properties it closely resembled gum-arabic
but differed from this gum in not forming
the mucous acid when treated with nitric
acid. The gummy matter of the starch
syrup has been considered by some as a
compound of starch, water and sulphuric
acid; but JM. Vogel shows clearly that it
does not contain any of this acid, neither,
indeed, does the saccharine part, soluble
in alcohol, give any indications of sulphu-
ric acid. These experiments led the au-
thor to examine the action of the diluted
mineral acids upon other substances. Su-
gar of milk was selected, as being in its
natural state incapable of entering into the
vinous fermentation: one hundred gram-
mes of sugar of milk were boiled for three
hours with four hundred gramn)es of wa-
ter and two grammes of strong sulphuric
acid, adding water to supply the waste.
The excess of acid was then neutralized
by chalk, and the liquor when strained
was clear, but slightly coloured. Slowly
evaporating, it left a thick brown syrup
which in a few days thickened to a crys-
talline mass of a rich sweet taste, much
more than the sugar of milk itself^ and.
soluble in alcohol, in which too it diflfers
from sugar of milk. This crystalline mass
very readily entered into fermentation,
when properly diluted, and the fermented
liquor yielded a considerable proportion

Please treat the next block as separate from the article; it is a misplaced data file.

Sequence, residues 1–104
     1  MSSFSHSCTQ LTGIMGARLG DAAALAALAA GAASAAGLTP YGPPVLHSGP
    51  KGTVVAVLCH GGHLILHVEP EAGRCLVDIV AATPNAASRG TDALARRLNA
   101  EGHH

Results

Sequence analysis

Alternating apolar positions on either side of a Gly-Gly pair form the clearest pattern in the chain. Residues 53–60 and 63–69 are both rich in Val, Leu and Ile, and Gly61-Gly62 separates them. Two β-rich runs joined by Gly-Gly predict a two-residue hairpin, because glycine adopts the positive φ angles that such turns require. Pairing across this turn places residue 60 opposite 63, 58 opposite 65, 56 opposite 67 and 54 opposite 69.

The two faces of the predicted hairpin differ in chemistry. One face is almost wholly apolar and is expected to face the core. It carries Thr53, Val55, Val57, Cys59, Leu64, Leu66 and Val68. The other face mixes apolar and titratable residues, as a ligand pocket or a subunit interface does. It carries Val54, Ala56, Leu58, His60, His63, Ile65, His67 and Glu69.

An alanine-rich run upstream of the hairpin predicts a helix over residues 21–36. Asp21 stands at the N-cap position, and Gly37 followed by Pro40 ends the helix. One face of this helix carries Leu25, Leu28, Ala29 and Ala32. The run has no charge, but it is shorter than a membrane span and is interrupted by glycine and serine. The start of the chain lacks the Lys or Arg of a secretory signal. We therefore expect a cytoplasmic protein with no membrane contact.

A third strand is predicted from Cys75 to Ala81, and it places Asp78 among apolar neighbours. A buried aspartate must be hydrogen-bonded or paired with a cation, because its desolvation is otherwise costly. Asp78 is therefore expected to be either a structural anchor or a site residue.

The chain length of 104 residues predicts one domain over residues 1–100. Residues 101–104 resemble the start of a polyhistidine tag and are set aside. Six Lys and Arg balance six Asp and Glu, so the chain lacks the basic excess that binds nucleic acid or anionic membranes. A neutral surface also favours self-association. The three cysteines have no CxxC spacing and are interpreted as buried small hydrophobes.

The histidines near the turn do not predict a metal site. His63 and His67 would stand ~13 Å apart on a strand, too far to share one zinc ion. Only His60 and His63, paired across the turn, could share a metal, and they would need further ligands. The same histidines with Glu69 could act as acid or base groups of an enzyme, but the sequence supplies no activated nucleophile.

of alcohol. The experiment was repeated
with 3, 4, and 5 parts of sulphuric acid,
and with equal success, the crj'stalline
mass being always highly saccharine and

Muriatic acid was found to have the same
efiect with the Sulphuric, in changing the
sugar of milk into an extremely rich,
sweet, fermentable syrup. — Nitric Acid
on the other hand, and radical vinegar,
produce no change. — Such are the facts of
the singular conversion of starch or sugar
of milk into an intensely sweet fermentable
saccharine mass, though it does not appear
that perfect crystallized sugar has yet
been obtained in this way. The theory of
this operation is very difficult of explana-
tion. Some have thought that the mere
continuance of heat efiected the change,
but the author boiled starch and water alone
for four successive days, and at the end, a
very liquid mass was obtained, which
when slowly dried left a thick bitter mu-
cilage without the smallest saccharine



taste. It becomes a question whether the
Sulphuric Acid is decomposed in the
process. For this purpose M. I^a Grange,
took a given weight of sugar of milk, and
Sulphuric Acid and water, boiled them for
three hours in a retort, and the distilled
liquor was carefully examined by Barytes,
Litmus, and other tests, but neither the
sulphuric acid, sulphurous, acetic, nor
carbonic acid was produced, the liquor
being pure water. Afterwards on satura-
ting the acid contents of the retort with a
known weight of potash, and evaporating
the whole to dryness, the dry mass was less
by about an eighth part, than the united
weights of the sugar of milk and the
sulphate of potash, produced by the Sul-
phuric Acid and the alkali employed.
This loss of weight must therefore be ac-
counted for, in the water distilled over, as
no gas whatever was generated in the pro-

Hence La Grange supposes, that the